This week in the PEN Poetry Series, guest editor Ben Mirov features a poem by Alli Warren, author of GRINDIN (Lew Gallery, 2012). 


Hide the Poor

As clansmen make laws

the country makes heaps

their kings and governors

proclaim franking

to be among

the inalienable rights

They burn youths

with warm wooden pipes

to leech bread from them

to flood the grazing land

to be brought to experience


The painter deemed the most

skillful is asked to depict this

without adulteration

with just one remaining ventricle

His fate is extraordinary

Wherever he ventures the clerks

give him honor

and cooked food

because they like his commodities


some beads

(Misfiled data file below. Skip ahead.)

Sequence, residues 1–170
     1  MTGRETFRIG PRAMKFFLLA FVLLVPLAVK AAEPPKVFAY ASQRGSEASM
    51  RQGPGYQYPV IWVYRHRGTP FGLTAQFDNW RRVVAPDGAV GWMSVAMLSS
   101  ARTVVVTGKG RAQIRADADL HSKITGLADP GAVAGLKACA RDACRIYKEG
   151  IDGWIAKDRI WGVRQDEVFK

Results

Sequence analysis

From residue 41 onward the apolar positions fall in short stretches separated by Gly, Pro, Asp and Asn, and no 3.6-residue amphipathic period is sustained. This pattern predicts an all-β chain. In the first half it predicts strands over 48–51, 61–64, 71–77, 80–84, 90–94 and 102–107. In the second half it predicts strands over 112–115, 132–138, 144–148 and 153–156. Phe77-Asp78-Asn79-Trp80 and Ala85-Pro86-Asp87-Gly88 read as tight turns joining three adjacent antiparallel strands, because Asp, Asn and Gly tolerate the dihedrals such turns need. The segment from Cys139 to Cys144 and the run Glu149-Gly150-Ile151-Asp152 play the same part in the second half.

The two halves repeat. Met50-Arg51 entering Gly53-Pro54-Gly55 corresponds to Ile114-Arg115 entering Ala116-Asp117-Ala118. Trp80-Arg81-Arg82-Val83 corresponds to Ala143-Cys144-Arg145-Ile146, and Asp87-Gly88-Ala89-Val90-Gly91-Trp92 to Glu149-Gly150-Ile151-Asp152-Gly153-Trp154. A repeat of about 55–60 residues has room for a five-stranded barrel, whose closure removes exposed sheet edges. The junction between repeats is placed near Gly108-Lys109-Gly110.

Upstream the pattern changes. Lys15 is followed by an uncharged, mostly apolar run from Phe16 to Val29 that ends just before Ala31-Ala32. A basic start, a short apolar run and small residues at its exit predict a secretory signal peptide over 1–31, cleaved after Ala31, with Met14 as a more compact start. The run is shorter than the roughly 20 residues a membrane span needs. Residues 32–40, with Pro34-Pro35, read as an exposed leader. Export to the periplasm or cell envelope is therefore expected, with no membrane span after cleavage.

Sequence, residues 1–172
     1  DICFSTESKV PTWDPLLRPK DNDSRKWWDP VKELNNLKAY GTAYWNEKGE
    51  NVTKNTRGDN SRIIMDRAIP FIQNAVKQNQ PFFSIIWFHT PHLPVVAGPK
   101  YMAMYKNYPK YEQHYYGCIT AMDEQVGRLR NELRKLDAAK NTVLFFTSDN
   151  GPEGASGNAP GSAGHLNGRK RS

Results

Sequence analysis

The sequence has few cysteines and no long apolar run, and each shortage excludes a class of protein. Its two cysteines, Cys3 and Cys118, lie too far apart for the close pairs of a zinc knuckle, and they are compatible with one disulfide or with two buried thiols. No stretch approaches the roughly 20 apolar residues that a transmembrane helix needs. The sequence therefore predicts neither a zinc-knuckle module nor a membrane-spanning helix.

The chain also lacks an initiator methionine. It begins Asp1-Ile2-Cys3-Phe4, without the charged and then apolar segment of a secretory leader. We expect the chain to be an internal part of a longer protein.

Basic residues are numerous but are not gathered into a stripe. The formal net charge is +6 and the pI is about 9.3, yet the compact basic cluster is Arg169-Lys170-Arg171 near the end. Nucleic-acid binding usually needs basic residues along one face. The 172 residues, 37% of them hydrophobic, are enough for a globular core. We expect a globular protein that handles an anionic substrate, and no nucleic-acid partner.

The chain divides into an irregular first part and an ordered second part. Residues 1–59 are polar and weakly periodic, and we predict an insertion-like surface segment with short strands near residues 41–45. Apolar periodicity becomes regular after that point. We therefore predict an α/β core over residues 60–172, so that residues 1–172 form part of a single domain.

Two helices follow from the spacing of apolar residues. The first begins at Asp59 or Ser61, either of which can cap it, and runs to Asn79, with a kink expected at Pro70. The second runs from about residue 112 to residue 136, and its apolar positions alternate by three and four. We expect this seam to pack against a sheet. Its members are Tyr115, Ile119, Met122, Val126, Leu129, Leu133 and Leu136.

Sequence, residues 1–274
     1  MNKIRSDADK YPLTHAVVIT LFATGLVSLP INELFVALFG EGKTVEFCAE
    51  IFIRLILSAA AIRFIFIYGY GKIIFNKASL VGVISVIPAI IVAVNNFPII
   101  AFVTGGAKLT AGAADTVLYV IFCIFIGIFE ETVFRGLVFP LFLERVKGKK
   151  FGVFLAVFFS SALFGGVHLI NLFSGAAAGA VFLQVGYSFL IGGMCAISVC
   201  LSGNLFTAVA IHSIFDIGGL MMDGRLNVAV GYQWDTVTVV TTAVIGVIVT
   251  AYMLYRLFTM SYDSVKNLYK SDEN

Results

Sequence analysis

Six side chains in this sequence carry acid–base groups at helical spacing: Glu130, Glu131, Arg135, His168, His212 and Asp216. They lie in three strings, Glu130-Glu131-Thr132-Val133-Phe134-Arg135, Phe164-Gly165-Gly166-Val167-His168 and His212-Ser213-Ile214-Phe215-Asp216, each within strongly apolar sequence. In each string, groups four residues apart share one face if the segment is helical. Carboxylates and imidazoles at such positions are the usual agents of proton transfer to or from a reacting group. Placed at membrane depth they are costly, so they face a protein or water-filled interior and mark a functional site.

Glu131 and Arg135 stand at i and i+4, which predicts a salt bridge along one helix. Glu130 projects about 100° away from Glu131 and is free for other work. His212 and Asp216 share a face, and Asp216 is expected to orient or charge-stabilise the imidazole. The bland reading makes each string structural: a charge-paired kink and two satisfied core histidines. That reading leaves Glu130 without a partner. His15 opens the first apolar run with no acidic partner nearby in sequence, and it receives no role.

and little bells


and reciprocally

and how


The unimaginable

deemed inevitable


Prophecy is memory

our fate is extraordinary


especially in the mines

but not only there

I’m trying to arrange feathers?

on this ceremonial shield

this idea of coinage?

I’m trying to bring the meat

heads and steel and crafts

to the gospel of justice

I’m delighting in the bursting

of asset bubbles


Not being subjects

they have no desire

No love for moms


Can’t you hear that reeking?

don’t you see the big chain?

don’t you see the big grill?

Call that deflection

in place of action

Send a banger

crying through the streets


The poem first featured in Saginaw.

Once a week, the PEN Poetry Series publishes work by emerging and established writers from coast to coast. Subscribe to the Poetry Series mailing list and have poems delivered to your e-mail as soon as they are published (no spam, no news, just poems).